2. I believe that is incorrect Sir, the people's tax-dollars are NOT paying for the companies investment. Without the tax-break the company would be paying an ADDITIONAL $11.1 million in taxes ON TOP of their $22.5 Million investment (Building + IT), for a total of $33.6M or a 50% tax rate. Also, the article does not specify what the total taxes were BEFORE the break. Usually such a corporate tax-break is a 'discount' not a 100% wavier of tax obligations. For sake of example lets say the original taxes added up to $30M over 10 years. $12.5M, New Building $10.0M, IT infrastructure $30.0M, Total Taxes (Example Number) == $52.5M ININ's Cost - $1.8M /10 years, Tax Break (Building) - $0.75M /10 years, Tax Break (IT Infrastructure) - $8.6M /2 years, Tax Breaks (against Hiring Commitment: 430 new jobs /2 years) == 11.5M Possible tax breaks. ININ TOTAL COST: $41M Even if you assume a 100% break, change the '30.0M' to '11.5M' and you can see the Company will be paying a minimum of $22.5, out-of-pocket for their capital-investment - NOT the tax-payers. Also note, much of this money is being spent locally in Indiana and it is creating 430 jobs in your city. I admit I'm a little unclear which tax-breaks are allocated to exactly which expenses. Clearly this is all oversimplified but I think we have both made our points! :) Sorry for the long post.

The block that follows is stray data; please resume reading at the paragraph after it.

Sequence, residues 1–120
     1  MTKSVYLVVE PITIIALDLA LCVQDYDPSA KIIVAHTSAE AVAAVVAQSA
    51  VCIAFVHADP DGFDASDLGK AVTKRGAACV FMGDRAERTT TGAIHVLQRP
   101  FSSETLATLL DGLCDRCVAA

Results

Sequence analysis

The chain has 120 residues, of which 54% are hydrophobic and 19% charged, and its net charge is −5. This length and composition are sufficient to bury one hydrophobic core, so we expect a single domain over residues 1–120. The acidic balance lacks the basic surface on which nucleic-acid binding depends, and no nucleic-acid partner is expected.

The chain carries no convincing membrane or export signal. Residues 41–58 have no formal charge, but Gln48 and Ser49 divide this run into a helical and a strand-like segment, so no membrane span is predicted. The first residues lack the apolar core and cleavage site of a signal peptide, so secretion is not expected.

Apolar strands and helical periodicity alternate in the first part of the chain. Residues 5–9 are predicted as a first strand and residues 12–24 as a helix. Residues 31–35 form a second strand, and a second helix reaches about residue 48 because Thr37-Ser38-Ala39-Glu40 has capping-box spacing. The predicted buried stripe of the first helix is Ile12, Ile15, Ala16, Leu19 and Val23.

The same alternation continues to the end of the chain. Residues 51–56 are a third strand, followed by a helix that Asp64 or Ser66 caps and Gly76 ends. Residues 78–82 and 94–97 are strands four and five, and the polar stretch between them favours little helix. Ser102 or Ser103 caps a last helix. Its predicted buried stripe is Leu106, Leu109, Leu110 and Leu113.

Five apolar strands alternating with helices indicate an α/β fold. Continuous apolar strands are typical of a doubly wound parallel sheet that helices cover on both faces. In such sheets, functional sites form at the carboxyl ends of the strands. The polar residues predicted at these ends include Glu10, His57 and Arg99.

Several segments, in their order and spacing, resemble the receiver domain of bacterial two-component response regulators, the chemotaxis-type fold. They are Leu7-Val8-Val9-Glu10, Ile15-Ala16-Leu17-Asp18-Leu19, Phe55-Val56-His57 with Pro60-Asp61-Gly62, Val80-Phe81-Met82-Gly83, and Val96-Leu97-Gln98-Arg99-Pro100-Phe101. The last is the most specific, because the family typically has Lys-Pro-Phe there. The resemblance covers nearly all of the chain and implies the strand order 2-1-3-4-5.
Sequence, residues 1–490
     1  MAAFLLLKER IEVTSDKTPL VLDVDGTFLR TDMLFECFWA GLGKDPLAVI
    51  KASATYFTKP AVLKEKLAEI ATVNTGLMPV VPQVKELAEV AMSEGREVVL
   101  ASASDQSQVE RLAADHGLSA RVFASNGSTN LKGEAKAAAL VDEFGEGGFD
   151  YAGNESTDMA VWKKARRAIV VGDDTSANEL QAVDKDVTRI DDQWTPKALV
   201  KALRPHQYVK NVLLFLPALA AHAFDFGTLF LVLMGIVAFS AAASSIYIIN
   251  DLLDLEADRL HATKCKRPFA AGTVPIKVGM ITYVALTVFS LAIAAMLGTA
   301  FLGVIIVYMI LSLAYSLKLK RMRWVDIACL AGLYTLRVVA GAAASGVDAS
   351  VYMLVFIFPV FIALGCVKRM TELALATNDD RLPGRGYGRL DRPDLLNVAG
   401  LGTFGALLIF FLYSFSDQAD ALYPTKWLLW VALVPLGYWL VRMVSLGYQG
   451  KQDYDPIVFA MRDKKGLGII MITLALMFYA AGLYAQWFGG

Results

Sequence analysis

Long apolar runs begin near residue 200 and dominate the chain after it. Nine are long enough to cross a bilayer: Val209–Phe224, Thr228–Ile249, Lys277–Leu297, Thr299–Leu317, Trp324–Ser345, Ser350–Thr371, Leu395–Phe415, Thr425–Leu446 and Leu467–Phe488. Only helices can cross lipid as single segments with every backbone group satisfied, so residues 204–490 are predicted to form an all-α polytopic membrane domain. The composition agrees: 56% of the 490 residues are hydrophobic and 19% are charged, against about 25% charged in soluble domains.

3. Clearly, there is a lack of a basic understanding of economics. It is not up to the company to decide what to pay its workers. If companies were able to decide how much to pay their workers then why wouldn't they pay everyone minimum wage? Why choose to pay $10 or $14 when they could pay $7? The answer is that companies DO NOT decide how much to pay workers. It is the market that dictates what a worker is worth and how much they should get paid. If Lowe's chooses to pay a call center worker $7 an hour it will not be able to hire anyone for the job, because all those people will work for someone else paying the market rate of $10-$14 an hour. This forces Lowes to pay its workers that much. Not because it wants to pay them that much out of the goodness of their heart, but because it has to pay them that much in order to stay competitive and attract good workers.